Jodi Arias Trial

1611 words 7 pages
Analysis of the Homicide Trial of Jodi Arias
By Robert Davis
Professor Lauren Burke
CCJS 100 6382
University of Maryland University College
March 8, 2013 Robert Davis
Professor Burke
CCJS 100
March 8, 2013

Analysis of the Homicide Trial of Jodi Arias The criminal justice system ensures the safety and protection of society from criminal offenders. The process of the criminal justice system begins when a criminal offense is reported to law enforcement officials. If required, an investigation begins, leading to a warrant and arrest. Following the arrest, bail is set and a preliminary hearing is scheduled. If the defendant is indicted, a trial date is set. Providing the defendant does not waive the right to a jury trial, a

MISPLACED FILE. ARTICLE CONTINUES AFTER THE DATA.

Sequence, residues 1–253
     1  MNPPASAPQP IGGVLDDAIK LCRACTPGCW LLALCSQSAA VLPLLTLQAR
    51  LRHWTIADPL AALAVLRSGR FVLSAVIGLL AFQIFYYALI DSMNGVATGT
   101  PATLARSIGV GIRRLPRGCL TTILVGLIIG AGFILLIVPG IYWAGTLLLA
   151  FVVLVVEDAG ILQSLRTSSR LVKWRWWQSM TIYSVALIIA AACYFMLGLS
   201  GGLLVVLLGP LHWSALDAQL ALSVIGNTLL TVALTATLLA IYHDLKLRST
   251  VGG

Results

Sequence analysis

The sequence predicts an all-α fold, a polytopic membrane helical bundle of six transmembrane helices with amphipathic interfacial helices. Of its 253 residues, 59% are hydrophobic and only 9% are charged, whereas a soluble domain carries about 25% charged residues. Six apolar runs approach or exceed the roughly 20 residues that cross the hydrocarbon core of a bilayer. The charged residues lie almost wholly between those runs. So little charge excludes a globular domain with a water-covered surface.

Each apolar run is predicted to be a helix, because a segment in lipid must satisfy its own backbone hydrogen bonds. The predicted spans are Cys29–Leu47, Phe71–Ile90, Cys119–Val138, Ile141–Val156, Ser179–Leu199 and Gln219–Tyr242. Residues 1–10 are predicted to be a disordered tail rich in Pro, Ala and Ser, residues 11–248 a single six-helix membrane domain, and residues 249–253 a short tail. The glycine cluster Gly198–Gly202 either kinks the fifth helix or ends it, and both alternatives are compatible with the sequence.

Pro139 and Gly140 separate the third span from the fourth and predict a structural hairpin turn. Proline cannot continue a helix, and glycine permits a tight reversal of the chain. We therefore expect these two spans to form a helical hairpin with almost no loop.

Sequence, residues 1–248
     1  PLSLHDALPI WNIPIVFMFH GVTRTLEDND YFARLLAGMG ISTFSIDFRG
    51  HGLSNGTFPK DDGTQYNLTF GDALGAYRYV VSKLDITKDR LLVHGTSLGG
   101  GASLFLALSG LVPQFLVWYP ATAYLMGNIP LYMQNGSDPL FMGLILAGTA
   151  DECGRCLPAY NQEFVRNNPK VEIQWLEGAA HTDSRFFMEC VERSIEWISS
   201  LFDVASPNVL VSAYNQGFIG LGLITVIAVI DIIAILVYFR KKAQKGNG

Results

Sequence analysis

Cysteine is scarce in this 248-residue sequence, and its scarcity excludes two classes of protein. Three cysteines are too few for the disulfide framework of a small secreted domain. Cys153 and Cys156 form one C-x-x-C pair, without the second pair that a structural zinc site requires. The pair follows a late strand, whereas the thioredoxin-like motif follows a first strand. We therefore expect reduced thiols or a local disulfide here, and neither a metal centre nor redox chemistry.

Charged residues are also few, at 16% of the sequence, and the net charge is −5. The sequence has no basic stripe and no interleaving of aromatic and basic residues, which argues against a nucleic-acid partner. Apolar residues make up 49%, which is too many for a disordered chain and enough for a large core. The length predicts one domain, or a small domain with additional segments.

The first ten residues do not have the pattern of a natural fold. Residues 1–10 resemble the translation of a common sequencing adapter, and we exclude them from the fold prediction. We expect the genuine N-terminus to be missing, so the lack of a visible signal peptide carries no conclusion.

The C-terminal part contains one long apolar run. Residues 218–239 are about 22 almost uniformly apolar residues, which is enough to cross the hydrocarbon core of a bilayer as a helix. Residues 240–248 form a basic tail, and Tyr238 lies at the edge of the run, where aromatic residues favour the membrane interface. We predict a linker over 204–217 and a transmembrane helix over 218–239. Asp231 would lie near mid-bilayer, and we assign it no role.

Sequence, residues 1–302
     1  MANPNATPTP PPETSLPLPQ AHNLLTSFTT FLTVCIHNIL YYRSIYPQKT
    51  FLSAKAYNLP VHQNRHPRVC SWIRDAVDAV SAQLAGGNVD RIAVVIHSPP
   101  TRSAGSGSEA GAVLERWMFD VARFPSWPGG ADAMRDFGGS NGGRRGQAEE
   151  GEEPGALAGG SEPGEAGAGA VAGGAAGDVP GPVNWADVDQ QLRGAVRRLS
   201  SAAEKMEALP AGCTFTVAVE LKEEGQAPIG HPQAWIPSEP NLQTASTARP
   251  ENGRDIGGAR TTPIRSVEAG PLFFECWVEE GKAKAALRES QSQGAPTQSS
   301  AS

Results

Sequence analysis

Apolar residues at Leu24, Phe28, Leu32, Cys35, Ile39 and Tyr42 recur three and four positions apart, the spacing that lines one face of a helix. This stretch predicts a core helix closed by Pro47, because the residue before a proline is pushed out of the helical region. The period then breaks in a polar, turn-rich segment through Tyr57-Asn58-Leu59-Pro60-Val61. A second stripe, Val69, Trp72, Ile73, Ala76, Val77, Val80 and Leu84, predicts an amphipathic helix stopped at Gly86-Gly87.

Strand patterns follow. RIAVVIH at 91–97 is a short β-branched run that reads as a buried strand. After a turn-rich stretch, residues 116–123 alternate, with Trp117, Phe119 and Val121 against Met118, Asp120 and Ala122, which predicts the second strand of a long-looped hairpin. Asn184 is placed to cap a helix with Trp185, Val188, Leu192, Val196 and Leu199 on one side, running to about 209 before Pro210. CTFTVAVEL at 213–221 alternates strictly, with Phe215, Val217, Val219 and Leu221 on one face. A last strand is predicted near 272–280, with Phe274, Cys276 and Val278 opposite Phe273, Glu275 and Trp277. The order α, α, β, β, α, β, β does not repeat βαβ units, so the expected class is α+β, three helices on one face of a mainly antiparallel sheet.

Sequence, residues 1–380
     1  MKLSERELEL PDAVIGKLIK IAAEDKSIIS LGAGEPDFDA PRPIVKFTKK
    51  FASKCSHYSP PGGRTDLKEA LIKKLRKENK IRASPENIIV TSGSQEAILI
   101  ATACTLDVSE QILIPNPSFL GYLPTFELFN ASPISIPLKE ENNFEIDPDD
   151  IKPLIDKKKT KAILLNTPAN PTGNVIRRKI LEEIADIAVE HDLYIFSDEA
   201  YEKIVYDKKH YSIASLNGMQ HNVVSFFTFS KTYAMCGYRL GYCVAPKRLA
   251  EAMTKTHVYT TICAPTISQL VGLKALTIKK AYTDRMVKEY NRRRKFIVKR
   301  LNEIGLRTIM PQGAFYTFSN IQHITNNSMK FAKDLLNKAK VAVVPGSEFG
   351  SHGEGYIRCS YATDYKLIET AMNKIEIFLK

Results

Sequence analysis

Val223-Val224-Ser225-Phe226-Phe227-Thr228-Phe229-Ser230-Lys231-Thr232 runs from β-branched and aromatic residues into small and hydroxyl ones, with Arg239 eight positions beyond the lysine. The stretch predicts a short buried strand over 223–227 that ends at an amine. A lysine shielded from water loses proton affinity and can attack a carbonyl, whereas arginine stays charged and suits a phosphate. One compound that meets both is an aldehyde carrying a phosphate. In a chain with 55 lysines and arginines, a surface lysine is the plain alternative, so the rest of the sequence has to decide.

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Jodi Arias was indicted by a California grand jury on July 9, 2008, thus establishing probable cause to prosecute. The final step before the criminal trial is arraignment to advise the defendant of the charges and allow the defendant to enter a plea, usually guilty or not guilty. Sometimes, arraignment takes place at the same time as the initial appearance. However, Jodi Arias was arraigned on September 11, 2008 and entered a plea of not guilty (Dolak, 2013). It is at this point that Arias and her defense attorney may have benefited from a plea deal to potentially avoid imposition of the death penalty. Since the defendant pleaded not guilty, the case moved on to the trial phase. The final steps of the criminal justice system the defendant will experience are trial and sentencing. The trial begins with opening arguments from both the prosecution and the defense. After these arguments, the trial proceeds with the prosecution presenting evidence and questioning witnesses and sometimes experts. The witnesses and experts are each cross-examined by the defense attorney before the witnesses and experts leave the stand. If necessary, the prosecution will rebut after the defense’s examination. After the state completes this process and rests, the defense attorneys have to opportunity to call witnesses, experts, and the defendant in some cases. The prosecution is then allowed to cross-examine the defense’s witnesses, experts, and


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